A Burns night and the Burns poem is a national institution and something I became accustomed to during my time at university in St. Andrews, Scotland. Plus, the whole of Fife is stunning, so that made it really easy to fall in love with.
It’s something that is celebrated with great flair and affection in Scotland and more recently south of the border in the rest of the UK and the world.
It’s one day in the year when you can host a truly beautiful dinner party, drink lots of fine wines, scotch whisky and enjoy the beautiful poetry that Burns shared with the world. 🏴
Burns Night: The poem
Might you know Burns best from your celebratory singing on New Years Day… any guesses? Well, it’s “Auld Lang Syne” which he wrote over 250 years ago and is arguably one of his most loved and world-renowned poems!
Burns Night: How Did It Start?
When Burns passed away in 1796, his friends decided to hold a memorial dinner, where each and every person recited his beautiful poems, ate as much ” haggis, neeps and tatties” as they wanted and drank until a stupor of tomfoolery ensued.
Now, every year people from all over the world join in suppers to commemorate his life and works on the late poet’s birthday, January 25th.
Burns Night: How Can I celebrate?
One lovely way to celebrate the life and works of Robert Burns is by hosting your very own “Burns Supper”. Whether you are in Scotland or anywhere else in the world – why not experience a truly Scottish tradition and celebrate the beautiful poems Burns created!
Burns Night: How to prepare
1.) Grab yourself a Burns poem book. These are relatively inexpensive and can be picked up in most local bookshops. I managed to find mine at a local thrift store for a very small amount – something like 50p. Personally, I prefer a physical book for this supper, but if you can’t manage to find a book, head online and save a few of your favourite poems to recite.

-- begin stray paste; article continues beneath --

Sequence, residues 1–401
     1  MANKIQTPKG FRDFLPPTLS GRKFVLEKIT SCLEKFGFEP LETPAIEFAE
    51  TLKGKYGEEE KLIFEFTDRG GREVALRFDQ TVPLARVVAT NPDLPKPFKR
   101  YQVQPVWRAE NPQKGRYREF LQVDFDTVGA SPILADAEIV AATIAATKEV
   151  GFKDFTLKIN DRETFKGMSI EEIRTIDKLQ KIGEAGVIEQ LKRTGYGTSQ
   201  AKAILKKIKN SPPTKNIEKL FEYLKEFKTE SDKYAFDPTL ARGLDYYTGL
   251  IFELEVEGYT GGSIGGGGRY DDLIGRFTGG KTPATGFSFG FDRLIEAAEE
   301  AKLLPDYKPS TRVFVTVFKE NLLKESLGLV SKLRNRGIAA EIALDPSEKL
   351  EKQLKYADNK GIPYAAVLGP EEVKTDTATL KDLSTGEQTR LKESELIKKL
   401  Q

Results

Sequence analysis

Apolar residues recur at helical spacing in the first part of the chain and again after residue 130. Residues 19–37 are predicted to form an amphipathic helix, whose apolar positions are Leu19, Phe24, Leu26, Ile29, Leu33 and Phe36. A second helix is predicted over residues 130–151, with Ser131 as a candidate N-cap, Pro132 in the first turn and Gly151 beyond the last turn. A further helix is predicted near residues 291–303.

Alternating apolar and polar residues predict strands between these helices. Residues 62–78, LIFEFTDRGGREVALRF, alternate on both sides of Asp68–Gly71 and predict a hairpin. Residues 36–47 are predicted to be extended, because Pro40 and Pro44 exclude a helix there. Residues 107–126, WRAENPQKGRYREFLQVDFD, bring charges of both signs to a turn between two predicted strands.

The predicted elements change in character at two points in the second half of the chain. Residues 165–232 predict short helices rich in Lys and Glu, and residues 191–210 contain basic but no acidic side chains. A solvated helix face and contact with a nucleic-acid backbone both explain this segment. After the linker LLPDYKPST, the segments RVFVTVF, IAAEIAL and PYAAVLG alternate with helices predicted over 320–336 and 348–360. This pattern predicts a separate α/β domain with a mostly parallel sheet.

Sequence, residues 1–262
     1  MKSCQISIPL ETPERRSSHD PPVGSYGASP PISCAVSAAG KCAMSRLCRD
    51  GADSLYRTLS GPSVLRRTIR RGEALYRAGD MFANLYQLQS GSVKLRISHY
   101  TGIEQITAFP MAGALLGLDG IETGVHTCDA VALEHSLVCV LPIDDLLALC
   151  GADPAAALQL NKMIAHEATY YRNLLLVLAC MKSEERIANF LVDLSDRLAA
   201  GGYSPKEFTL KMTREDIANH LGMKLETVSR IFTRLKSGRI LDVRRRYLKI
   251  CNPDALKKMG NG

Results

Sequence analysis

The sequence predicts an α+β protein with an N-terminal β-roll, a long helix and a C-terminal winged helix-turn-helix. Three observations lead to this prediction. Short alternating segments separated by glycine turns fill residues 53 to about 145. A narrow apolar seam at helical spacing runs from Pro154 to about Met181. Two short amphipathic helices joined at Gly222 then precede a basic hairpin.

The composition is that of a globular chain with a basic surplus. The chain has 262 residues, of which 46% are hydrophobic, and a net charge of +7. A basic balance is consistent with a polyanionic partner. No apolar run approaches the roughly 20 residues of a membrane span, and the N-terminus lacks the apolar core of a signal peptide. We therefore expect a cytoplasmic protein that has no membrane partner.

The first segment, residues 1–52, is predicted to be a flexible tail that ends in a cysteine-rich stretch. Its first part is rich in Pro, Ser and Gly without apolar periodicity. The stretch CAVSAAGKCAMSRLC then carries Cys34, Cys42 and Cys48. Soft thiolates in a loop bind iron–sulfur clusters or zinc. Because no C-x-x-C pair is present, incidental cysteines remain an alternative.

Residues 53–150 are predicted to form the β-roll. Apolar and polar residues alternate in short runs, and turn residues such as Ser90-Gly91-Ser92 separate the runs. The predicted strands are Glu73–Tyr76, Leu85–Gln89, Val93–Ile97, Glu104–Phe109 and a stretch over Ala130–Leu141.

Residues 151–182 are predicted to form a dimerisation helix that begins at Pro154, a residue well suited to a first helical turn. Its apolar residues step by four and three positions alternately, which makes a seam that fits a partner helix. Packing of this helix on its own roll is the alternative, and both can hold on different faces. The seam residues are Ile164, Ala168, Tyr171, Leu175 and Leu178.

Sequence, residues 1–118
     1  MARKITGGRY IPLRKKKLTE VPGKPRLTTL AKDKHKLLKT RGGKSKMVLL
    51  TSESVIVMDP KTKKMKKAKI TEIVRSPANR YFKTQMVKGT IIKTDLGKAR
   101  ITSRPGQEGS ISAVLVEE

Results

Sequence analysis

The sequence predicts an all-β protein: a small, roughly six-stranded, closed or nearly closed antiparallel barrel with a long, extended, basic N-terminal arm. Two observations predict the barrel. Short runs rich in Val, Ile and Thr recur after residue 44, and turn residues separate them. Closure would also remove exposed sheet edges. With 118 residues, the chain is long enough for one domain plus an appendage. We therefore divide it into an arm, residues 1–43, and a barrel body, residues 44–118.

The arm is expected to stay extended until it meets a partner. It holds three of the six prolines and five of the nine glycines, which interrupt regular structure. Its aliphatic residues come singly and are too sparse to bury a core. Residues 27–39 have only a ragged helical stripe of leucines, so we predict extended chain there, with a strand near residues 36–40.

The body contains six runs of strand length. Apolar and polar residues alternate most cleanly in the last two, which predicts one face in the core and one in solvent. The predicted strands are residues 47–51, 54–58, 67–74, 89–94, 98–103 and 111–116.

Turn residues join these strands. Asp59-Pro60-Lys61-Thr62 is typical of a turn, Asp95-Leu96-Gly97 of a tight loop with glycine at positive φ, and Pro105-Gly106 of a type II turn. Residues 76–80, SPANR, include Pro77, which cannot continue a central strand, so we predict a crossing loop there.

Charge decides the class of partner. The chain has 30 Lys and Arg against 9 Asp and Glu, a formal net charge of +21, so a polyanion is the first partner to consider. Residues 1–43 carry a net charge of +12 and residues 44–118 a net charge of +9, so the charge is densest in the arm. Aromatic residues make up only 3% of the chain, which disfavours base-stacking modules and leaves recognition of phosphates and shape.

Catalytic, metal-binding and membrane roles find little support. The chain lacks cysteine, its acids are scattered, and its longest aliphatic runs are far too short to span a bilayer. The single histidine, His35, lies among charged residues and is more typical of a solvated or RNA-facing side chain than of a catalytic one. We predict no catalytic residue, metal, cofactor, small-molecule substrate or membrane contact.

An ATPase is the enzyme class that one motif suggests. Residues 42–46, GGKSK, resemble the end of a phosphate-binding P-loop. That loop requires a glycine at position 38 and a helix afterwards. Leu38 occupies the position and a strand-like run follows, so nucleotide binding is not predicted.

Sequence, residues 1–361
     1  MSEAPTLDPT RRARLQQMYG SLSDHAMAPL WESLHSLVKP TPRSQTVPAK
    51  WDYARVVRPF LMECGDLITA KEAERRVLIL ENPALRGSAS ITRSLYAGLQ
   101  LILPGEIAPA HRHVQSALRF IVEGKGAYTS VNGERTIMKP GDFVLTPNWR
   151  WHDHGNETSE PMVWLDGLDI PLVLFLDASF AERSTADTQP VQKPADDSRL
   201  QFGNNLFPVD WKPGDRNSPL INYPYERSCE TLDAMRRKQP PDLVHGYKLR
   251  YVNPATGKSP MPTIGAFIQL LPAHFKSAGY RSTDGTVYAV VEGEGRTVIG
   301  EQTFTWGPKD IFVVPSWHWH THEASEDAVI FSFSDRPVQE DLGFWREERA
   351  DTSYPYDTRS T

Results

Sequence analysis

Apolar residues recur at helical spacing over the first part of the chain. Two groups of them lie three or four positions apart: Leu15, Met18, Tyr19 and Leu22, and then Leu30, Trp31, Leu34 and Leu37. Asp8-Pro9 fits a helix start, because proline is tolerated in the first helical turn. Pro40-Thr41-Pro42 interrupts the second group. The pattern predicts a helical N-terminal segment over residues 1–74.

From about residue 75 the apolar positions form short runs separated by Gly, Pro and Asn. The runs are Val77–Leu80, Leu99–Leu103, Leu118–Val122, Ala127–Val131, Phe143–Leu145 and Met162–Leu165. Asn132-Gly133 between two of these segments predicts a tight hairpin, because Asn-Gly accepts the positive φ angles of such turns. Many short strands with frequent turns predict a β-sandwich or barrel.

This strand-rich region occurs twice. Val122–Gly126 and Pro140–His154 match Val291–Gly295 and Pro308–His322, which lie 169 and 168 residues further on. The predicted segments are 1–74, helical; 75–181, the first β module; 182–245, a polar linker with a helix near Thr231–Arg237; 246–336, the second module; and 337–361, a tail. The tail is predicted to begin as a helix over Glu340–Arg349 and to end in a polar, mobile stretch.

2.) Grab a group of your friends and relatives – preferably ones that will not judge you too heavily upon drinking too much Scotch whisky or wine! 🙂 It’s also beneficial if you know someone that can play the bagpipes.
If not, just get some of their melodies from the likes of Youtube or on music streaming sites.
3.) Share the book/link with your friends that you have invited. Ask them all to Choose 2-3 poems that resonate with them.
4.) Prepare some food. The tradition of a Burns Night Supper would not be complete without some delicious food. the tradition of eating, boiled and mashed, “neeps & tatties” (potatoes and turnips) with some Haggis that still holds strong in Scotland.
It can be quite hard to source Haggis outside of Scotland, so if you struggle just use some minced beef/lamb and mix thoroughly with garlic, onions, thyme and oats. wrap in a filo pastry to mimic the lining of the “Haggis sack”. Here is a perfect example of this recipe.
5.) While you keep the wines, ports and single malt whiskies flowing, why not recite some of the poems you have chosen? If you have cooked a Haggis, the obligatory “Address to a Haggis” speech will be essential before attempting to eat anything! Some of the wording is hard to pronounce (well, I find it hard) – but that’s part of the fun! Especially when you have had a few glasses of whisky! 😉
Burns poem: Address to a Haggis
Fair fa’ your honest, sonsie face,
Great chieftain o the puddin’-race!
Aboon them a’ ye tak your place,
Painch, tripe, or thairm:
Weel are ye worthy o’ a grace
As lang’s my arm.
The groaning trencher there ye fill,
Your hurdies like a distant hill,
Your pin wad help to mend a mill
In time o need,
While thro your pores the dews distil
Like amber bead.
His knife see rustic Labour dight,
An cut you up wi ready slight,
Trenching your gushing entrails bright,
Like onie ditch;
And then, O what a glorious sight,
Then, horn for horn, they stretch an strive:
Deil tak the hindmost, on they drive,
Till a’ their weel-swall’d kytes belyve
Are bent like drums;
The auld Guidman, maist like to rive,
Is there that owre his French ragout,
Or olio that wad staw a sow,
Or fricassee wad mak her spew
Wi perfect scunner,
Looks down wi sneering, scornfu view
On sic a dinner?
Poor devil! see him owre his trash,
As feckless as a wither’d rash,
His spindle shank a guid whip-lash,
His nieve a nit;
Thro bloody flood or field to dash,
O how unfit!
But mark the Rustic, haggis-fed,
The trembling earth resounds his tread,
Clap in his walie nieve a blade,
He’ll make it whissle;
An legs an arms, an heads will sned,
Like taps o thrissle.
Ye Pow’rs, wha mak mankind your care,
And dish them out their bill o fare,
Auld Scotland wants nae skinking ware
That jaups in luggies:
But, if ye wish her gratefu prayer,
Gie her a Haggis
Have a great night!